The Lowcountry Wind Symphony celebrates America’s greatest composers.

sax-flutes-1st-concert-lws.jpgThere’s something for everyone in our spring concert as LWS rounds out its 2016-2017 season. Music Director Donald F. Jemella has chosen music that will be familiar to many, as the band performs compositions of American icon, John Williams and excerpts from Aaron Copland’s ‘Appalachian Spring’.

There are popular tunes by Henry Mancini, a medley of Benny Goodman’s best loved melodies, and the instantly recognizable tunes of George Gershwin. Of course there will be a march or two by John Philip Sousa. You won’t want to miss this exciting music!

Frank Sinatra once crooned, “I like a Gershwin tune – how about you?” We are betting you do, too. Gershwin’s all too short life ended when he was 42, but he left us with an incredible variety of music which has definitely stood the test of time. It is still possible to hear Gershwin’s wonderful playing on remastered player piano rolls! His compositions have been considered standard repertoire for vocal and instrumental performers for generations. His compositions were some of the first to cross over from strictly popular music to the classical concert stage when ‘An American in Paris’ and ‘Rhapsody in Blue were invited into New York City’s revered bastion of serious music, Carnegie Hall.

Henry Mancini gave us movie and TV themes that are among the best popular American music ever written. In 1958 we settled in around our (small screen) television sets to hear those unmistakably dramatic opening bars of the series, Peter Gunn. Each week it told us something special was about to happen! Baby Elephant Walk hit the top of the charts in 1962. We fell in love with Audrey Hepburn as Holly Golightly in the film, Breakfast at Tiffany’s, but it’s Mancini’s signature tune, Moon River, that we couldn’t forget. Dum, ta dum, ta dum, ta dum, ta dum……. yep, here comes that crafty Pink Panther creeping up on us once again!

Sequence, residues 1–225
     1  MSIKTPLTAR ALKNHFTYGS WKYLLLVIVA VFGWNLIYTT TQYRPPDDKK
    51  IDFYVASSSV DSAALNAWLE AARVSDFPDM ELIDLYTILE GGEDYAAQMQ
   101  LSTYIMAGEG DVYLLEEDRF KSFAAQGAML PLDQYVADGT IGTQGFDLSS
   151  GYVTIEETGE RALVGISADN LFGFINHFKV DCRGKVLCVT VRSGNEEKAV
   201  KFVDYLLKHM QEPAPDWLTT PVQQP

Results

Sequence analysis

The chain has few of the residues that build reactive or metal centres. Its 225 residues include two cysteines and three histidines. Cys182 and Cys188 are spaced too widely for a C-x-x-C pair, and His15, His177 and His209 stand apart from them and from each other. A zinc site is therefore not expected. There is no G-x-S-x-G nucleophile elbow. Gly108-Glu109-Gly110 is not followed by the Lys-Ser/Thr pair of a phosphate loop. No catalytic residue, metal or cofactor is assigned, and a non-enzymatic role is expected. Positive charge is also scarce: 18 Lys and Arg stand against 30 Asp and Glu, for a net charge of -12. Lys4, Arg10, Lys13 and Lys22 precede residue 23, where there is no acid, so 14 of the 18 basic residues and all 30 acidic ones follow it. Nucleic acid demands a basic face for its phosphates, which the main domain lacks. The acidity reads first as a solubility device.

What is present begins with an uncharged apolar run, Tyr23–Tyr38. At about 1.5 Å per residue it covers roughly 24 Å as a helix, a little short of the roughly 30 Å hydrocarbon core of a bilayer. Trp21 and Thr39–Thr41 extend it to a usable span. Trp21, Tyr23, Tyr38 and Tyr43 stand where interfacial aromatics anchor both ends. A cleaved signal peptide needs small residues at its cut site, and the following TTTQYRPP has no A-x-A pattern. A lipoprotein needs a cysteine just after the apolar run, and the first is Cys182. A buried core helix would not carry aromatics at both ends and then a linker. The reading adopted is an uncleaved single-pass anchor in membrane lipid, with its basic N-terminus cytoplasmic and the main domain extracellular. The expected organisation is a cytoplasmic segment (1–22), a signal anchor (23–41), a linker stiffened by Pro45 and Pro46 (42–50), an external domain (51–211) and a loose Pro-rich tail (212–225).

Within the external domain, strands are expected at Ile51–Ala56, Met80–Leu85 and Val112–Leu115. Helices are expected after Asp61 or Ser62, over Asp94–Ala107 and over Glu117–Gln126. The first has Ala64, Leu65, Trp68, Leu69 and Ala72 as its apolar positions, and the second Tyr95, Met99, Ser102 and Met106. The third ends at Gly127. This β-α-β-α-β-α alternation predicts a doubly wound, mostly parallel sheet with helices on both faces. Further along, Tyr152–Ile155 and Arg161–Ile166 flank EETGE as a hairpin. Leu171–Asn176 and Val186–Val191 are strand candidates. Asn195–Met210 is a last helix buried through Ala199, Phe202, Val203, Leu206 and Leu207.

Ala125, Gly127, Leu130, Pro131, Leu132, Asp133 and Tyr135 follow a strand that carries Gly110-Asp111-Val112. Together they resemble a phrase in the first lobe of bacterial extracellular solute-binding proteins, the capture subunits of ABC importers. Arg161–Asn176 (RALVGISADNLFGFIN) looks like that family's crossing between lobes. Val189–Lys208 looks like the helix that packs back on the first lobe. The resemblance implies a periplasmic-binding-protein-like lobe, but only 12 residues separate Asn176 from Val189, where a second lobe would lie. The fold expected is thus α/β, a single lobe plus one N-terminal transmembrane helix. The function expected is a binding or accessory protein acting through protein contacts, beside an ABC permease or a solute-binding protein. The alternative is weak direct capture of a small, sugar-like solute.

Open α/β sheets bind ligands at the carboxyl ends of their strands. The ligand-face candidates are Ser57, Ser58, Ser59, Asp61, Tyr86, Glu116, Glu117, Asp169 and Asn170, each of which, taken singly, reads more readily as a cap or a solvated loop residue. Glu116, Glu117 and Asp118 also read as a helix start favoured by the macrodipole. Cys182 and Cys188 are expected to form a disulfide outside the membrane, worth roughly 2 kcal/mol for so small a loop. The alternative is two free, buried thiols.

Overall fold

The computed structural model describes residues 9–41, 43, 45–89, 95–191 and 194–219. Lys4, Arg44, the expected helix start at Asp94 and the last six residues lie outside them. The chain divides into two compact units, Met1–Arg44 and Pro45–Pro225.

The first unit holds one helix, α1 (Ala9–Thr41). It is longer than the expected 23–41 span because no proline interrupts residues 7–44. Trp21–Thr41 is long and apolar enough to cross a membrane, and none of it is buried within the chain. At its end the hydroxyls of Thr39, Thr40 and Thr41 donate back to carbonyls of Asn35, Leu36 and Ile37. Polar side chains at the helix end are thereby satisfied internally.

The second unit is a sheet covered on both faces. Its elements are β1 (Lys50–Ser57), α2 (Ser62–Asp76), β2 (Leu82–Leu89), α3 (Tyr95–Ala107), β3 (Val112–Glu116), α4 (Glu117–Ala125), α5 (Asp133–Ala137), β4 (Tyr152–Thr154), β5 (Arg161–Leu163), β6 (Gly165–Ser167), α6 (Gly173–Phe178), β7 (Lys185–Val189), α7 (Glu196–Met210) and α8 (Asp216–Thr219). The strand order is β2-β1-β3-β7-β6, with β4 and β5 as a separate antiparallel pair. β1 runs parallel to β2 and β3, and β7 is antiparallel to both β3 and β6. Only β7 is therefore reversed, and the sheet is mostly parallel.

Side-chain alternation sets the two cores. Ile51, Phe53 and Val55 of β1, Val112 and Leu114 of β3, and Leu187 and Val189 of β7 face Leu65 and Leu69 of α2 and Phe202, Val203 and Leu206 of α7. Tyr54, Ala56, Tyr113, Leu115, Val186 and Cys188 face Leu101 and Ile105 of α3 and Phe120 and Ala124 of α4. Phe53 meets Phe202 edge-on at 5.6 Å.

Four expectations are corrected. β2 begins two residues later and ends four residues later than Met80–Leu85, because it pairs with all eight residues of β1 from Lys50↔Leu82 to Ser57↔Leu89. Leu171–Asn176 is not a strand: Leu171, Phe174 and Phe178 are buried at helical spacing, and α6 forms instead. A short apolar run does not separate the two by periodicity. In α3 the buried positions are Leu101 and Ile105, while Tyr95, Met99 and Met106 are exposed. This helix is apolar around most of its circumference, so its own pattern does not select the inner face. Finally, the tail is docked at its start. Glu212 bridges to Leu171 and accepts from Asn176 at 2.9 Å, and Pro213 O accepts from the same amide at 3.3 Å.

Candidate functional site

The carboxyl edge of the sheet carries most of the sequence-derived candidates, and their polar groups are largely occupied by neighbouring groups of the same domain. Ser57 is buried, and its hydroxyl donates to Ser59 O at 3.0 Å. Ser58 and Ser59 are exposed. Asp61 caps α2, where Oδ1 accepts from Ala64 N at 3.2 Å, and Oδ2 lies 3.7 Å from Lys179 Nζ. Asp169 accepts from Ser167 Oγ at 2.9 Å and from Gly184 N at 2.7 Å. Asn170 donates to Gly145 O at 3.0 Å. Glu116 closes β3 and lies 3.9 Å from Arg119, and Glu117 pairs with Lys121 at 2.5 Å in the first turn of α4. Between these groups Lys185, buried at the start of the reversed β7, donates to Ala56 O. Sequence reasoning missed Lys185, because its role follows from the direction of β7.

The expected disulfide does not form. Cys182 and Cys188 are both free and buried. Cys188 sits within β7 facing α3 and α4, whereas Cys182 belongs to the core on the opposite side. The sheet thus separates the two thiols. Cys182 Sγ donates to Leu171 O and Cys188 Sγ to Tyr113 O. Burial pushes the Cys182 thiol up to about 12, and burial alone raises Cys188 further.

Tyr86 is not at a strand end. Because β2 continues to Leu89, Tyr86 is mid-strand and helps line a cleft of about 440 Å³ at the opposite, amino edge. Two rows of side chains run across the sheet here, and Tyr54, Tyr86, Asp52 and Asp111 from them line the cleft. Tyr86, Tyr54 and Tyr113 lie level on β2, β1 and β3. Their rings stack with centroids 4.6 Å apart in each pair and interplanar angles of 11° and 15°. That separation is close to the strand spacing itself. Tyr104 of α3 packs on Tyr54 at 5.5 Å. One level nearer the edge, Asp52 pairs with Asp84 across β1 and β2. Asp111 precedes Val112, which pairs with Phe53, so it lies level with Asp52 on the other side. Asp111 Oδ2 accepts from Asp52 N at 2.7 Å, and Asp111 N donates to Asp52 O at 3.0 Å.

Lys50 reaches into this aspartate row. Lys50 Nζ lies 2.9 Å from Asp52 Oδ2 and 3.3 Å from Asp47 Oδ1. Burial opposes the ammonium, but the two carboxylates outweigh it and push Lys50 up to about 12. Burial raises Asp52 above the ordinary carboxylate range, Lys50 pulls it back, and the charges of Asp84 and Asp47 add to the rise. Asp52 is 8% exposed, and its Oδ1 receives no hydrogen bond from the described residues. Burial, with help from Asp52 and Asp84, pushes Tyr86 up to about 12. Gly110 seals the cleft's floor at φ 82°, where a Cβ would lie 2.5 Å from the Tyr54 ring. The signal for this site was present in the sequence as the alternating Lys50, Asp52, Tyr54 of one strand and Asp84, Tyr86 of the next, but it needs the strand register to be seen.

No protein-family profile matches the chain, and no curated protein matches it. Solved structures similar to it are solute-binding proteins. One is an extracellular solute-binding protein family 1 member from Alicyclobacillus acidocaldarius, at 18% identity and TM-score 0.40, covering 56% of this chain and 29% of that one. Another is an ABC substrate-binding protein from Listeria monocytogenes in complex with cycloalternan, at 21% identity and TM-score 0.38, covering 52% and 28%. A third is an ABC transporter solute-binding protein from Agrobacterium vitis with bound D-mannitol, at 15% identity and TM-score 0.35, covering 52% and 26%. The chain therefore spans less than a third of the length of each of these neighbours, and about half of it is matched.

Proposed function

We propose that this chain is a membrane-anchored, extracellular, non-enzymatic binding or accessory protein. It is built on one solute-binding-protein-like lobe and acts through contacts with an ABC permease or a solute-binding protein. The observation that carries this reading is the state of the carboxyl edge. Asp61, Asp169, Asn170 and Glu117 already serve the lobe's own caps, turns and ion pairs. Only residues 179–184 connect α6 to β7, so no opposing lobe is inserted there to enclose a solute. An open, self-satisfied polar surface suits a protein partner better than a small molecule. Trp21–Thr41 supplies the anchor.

Our assistant conductor, Deborah Hamner takes the podium for ‘Benny Goodman, King of Swing.’ There’s plenty of sass in the brass section – they’ve captured that ‘big band sound’ of the 20’s and 30’s. Here they’re joined by the sweet solo sounds of the clarinet, on which Goodman was a master.

Among Aaron Copland’s best known compositions is ‘Appalachian Spring’ written for choreographer Martha Graham’s ballet company. Copland made use of many American folk melodies in his music. Instrumentals groups, such as LWS, frequently perform it as a concert piece.

John Williams led the Boston Pops Orchestra for many years, but he is perhaps best known for his wonderful movie scores. For this concert, Maestro Jemella has included one of his most haunting pieces, the quiet and stirring ‘Dartmoor,’ from the recent film, War Horse.  

The answer to the question, “Where are America’s great composers working now?” is – all around us! In Hollywood, on the Broadway stage, and on TV. Usually, it’s the incredible music score that sticks in our memories and guarantees a great show. We salute them at the Grammy’s, the Oscar’s, the Golden Globes, the Emmy’s and The Kennedy Center Honors. When we hear those tunes, they trigger a special time and place in our minds!  

Lowcountry Wind Symphony players love bringing our audiences these wonderful tunes. Here are a few stories highlighting three of our more than 50 members.

Jim Colwell, in our tuba section, first got involved in music in junior high school. He started on baritone horn but switched to tuba in high school. Following graduation he joined the marines and left his playing days behind for quite a few years. He was honorably discharged after four years and pursed a career as a firefighter. There he served our  community for 30 years and retired after rising to the position of Assistant Fire Chief.